Adobe Issues Security Patches for Illustrator

Adobe Systems released security patches for its Adobe Illustrator CS4 and CS3 programs on Thursday.

The patches provide updates for Illustrator versions running on both Windows and Mac operating systems. Left unpatched, systems could be subject to "arbitrary code execution," according to Adobe's description of the problem.

Adobe closed 2009 with a zero-day Acrobat Reader bug and the company appears to be starting 2010 by addressing continuing security issues, according to Andrew Storms, director of security at nCircle.

"The first patch of the year is more of what we saw from Adobe in 2009," Storms said. "The most important patch is for a critical zero-day bug in their PDF reader that has already seen large- and small-scale exploits. Security teams everywhere are holding their breath for this one because the number of attacks has been steadily increasing over the last few weeks."

If a recent "2010 Threat Predictions" document from antivirus software maker McAfee is any indication, there will be more of the same to expect from Adobe this year. (The report, ironically, is available via this PDF.)

McAfee claims in the report that Adobe's Acrobat Reader and Flash applications will likely surpass Microsoft Office apps as favorite vectors for hackers using maliciously-coded documents to snare users in 2010.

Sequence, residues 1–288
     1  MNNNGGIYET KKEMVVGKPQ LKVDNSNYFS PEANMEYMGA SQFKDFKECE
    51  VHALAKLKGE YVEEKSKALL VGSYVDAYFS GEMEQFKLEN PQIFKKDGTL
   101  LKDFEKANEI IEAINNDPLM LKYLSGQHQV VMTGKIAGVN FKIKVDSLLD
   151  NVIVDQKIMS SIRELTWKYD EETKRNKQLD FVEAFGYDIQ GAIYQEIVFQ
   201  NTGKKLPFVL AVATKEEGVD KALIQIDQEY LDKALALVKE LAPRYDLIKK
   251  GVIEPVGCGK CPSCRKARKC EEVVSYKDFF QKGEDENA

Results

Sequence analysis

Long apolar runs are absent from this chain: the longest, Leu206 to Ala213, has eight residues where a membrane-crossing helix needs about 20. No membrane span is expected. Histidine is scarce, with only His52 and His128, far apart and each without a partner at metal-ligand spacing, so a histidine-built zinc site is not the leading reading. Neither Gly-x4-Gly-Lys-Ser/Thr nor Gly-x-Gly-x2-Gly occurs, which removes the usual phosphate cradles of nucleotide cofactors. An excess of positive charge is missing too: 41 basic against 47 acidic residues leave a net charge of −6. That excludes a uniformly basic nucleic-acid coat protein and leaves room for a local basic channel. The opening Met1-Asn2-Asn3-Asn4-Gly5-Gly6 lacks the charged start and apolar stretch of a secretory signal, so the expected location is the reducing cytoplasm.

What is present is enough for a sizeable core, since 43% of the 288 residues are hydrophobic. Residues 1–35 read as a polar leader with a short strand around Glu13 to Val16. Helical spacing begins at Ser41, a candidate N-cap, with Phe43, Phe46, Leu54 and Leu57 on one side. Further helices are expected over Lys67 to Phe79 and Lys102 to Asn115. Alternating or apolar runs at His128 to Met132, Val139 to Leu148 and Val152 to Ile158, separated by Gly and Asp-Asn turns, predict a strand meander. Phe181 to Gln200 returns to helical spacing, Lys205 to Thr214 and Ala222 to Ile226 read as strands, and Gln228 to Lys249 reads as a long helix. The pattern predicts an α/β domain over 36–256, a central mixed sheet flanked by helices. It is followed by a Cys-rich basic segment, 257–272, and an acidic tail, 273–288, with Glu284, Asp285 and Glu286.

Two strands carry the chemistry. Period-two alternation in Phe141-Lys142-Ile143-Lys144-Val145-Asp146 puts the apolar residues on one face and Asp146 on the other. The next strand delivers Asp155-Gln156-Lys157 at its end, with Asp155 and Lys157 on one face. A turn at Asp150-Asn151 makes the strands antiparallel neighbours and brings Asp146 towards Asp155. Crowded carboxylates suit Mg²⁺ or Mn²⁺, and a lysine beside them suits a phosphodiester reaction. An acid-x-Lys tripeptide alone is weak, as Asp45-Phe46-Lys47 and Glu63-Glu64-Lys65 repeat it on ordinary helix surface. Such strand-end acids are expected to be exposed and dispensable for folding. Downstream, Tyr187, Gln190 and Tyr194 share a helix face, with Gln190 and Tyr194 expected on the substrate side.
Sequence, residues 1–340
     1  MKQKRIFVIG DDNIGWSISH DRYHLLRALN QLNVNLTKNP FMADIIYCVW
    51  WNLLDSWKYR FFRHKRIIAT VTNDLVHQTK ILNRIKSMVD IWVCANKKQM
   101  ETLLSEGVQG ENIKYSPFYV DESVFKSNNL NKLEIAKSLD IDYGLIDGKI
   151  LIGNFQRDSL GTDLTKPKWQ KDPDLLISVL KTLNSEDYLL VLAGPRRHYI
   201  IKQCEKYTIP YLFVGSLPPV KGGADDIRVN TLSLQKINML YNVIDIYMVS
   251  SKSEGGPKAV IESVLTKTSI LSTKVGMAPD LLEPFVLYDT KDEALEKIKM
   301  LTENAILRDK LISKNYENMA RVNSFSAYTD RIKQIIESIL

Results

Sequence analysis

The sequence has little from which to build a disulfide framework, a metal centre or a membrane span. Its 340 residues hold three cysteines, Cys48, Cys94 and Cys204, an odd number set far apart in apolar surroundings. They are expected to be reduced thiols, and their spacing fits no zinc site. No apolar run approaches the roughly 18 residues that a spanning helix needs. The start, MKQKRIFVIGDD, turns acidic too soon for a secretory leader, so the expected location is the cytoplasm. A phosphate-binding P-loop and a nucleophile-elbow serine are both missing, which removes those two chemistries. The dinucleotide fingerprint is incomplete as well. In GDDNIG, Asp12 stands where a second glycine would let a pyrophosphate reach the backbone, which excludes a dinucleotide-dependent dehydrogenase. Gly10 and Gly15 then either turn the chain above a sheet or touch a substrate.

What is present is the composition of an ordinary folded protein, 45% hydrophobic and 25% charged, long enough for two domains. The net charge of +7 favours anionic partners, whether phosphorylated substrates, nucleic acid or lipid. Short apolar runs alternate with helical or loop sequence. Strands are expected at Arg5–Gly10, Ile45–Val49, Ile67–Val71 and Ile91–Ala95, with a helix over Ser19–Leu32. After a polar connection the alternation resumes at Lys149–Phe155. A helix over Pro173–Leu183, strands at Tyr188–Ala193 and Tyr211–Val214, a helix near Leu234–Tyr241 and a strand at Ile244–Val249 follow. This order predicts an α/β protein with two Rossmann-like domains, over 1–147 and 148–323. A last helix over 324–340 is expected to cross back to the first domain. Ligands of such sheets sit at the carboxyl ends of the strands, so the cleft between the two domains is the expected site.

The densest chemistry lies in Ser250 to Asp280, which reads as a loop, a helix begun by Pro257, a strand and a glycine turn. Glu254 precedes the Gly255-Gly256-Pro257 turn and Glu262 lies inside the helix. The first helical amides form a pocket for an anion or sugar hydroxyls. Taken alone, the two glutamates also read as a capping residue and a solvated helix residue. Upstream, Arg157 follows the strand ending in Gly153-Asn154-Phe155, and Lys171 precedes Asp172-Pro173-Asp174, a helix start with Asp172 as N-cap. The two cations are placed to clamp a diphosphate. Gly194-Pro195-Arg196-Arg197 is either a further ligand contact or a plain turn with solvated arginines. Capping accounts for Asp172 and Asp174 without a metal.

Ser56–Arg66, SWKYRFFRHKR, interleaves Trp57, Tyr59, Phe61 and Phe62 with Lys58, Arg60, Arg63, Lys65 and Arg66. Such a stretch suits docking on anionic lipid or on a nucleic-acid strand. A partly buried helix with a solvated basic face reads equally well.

Adobe faces a sort of "Catch-22" on security with the use of JavaScript, Storms suggested.

"One of the reasons these exploits are so effective is that the only mitigation solution is to turn off JavaScript but doing this cripples product functionality," Storms said. "Attackers know a patch is coming and are working hard to get as much out of their exploits as possible. The Adobe install base is so huge, the window for attack will likely stay open for quite a while, even after the patch is released."

Storms added that Adobe is also expected to release a handful of other patches for bugs that haven't yet been publicly announced.

"It's only January and it already looks like a tough security year for Adobe," he said.

About the Author

Jabulani Leffall is an award-winning journalist whose work has appeared in the Financial Times of London, Investor's Business Daily, The Economist and CFO Magazine, among others.